Selling Merchant Services: Beyond The First Impression9701275

De GEATI - Grupo de Estudos Avançados em TI
Revisão de 17h51min de 18 de setembro de 2020 por ElenordmvahbwjqdTheden (Discussão | contribs) (Criou página com 'Several months back, I began listening to Radio Classics on satellite radio. It's really a channel that plays radio shows in the 1930s, 40s and 50s. I've always enjoyed good r...')

(dif) ← Edição anterior | Revisão atual (dif) | Versão posterior → (dif)
Ir para: navegação, pesquisa

Several months back, I began listening to Radio Classics on satellite radio. It's really a channel that plays radio shows in the 1930s, 40s and 50s. I've always enjoyed good radio shows, therefore it is great to hear some of the all-time greats like Jack Benny and Fibber Magee plying their trade.

When I was listening to the channel recently, I heard the theme song from "Have Gun - Will Travel." It is a show that was obviously a TV series before it was brought to radio. So when I paid attention to the song, images in the TV show found mind, the top of which was the business card with the gunfighter protagonist Wire Paladin. It features a large chess piece-a white knight-and what "Have Gun Will Travel. Wire Paladin. Bay area."

I do not remember anything more about the show, but that business card must have made a strong first impression, because many years later I still remember it.

Now, becoming a payment processor obviously isn't much like gunfighting, but a strong impression is certainly valuable. You cannot win the sale in the initial few seconds, however you can certainly lose it.

However, some books on sales techniques and tips make it sound like the very first impression may be the only thing that matters.

What's my take on it? I believe that the first impression is very important but that the job of the merchant credit card accounts salesperson doesn't end there--or despite having the sale. Long gone are the days when the sales agent could sign the contract, then consider the work they do with the merchant to be done. Today, merchants constantly receive tempting offers using their company merchant services providers. To keep their business, you must go beyond the first impression and create a relationship.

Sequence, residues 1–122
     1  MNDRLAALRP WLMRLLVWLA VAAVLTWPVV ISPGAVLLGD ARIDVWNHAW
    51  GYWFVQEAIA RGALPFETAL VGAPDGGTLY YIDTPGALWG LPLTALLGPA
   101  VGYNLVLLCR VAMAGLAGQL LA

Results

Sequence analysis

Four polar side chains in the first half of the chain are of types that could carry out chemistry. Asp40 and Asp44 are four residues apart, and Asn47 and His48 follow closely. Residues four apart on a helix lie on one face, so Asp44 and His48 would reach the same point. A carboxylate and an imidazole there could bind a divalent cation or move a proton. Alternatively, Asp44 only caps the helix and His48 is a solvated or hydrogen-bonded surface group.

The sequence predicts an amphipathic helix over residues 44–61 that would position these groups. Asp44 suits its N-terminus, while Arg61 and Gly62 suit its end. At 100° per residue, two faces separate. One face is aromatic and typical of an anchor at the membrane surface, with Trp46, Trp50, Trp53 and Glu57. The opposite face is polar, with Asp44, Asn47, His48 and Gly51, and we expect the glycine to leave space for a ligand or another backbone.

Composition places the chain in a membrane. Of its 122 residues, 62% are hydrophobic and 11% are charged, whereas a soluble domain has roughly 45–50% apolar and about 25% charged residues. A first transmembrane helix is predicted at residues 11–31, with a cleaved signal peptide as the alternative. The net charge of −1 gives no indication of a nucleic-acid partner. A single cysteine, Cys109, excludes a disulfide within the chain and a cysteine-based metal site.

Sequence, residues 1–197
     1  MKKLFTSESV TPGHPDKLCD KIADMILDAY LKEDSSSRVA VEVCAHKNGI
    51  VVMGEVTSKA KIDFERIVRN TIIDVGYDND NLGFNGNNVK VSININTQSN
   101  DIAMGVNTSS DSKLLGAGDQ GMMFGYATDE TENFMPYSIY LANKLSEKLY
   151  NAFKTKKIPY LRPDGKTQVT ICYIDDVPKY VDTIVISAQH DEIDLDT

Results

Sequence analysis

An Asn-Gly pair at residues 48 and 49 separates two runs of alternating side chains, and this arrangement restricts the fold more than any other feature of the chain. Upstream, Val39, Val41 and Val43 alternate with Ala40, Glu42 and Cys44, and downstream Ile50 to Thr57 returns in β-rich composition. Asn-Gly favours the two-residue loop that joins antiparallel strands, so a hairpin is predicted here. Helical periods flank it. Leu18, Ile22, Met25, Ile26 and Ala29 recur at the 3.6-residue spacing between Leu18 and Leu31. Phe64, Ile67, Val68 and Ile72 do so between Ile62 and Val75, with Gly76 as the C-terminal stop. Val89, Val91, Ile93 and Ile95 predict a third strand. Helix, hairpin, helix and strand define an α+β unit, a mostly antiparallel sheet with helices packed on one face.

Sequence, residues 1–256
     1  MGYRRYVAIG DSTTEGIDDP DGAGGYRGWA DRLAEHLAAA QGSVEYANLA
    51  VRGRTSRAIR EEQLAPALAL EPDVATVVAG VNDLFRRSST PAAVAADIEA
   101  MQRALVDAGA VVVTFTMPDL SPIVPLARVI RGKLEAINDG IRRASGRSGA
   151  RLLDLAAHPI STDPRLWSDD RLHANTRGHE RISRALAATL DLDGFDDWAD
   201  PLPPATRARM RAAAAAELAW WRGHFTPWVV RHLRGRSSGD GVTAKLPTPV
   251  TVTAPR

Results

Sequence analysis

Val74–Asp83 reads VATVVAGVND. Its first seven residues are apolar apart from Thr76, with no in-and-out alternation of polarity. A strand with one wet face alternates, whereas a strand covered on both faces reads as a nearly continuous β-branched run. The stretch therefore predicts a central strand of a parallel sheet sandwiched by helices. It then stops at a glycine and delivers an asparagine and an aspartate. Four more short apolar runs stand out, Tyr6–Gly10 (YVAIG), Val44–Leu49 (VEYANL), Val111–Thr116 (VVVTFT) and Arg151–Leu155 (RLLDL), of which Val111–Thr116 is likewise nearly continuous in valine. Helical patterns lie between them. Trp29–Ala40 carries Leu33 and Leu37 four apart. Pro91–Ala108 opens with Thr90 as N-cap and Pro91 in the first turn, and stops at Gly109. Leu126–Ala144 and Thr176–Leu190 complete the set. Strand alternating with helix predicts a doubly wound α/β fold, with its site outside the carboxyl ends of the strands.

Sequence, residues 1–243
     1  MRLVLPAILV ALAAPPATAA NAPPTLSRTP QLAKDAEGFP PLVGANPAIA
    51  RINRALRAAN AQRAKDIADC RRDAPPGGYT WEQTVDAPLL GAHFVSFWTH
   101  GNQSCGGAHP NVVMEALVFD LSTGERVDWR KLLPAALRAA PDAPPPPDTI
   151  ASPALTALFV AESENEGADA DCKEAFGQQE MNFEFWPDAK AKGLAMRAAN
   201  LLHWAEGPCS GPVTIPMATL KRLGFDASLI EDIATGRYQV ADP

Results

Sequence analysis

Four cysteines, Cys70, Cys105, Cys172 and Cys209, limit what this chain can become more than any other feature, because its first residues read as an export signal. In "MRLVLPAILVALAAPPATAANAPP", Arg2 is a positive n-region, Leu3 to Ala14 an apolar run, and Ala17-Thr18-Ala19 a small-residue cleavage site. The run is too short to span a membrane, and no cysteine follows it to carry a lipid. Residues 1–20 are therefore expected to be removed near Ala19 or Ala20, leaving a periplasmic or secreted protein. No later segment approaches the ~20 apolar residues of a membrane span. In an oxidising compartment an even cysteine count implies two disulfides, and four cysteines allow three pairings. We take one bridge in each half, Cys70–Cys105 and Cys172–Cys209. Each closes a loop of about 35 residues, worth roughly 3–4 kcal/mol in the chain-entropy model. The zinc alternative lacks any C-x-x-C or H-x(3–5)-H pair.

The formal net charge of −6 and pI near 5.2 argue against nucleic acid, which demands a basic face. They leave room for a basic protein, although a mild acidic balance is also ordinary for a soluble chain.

Listed here are three tips to help you do just that:

The initial 30-60 days would be the most important

To build a strong relationship with your merchants, you need to start carrying it out as soon as you sign them. You can develop a solid bond by staying in close connection with your merchants during the first few months when they sign the contract. You'll learn their needs, and they'll learn that you're a reliable person who's exists for.

Periodic check-ins

After those initial few months, it's okay to diminish the amount of contact with your merchants. However, you'll still need to register with them periodically. Sending a month-to-month or bi-monthly newsletter is a great way to do it. So if you are in the neighborhood, it doesn't hurt to prevent by personally either.

Buying from them

There is little show that you care about your merchants like buying their goods or services. If whatever they sell is not right for you, maybe consider investing in a gift card that you could give to a pal or give away in a prize or even a contest.

Be there when they need you

When they contact you for help, make sure you do everything you are able to to fix the situation as quickly as you are able to. There may be some things you can't enable them to with, but if you show that you're listening, it'll let them know that you care which you're doing everything simple to help ensure their satisfaction.

Selling merchant credit card accounts isn't rocket science (or gunfighting). You need to simply make a good first impression--then follow-up and rise above it.

Interested in more sales techniques and tips? Tell me with a comment below.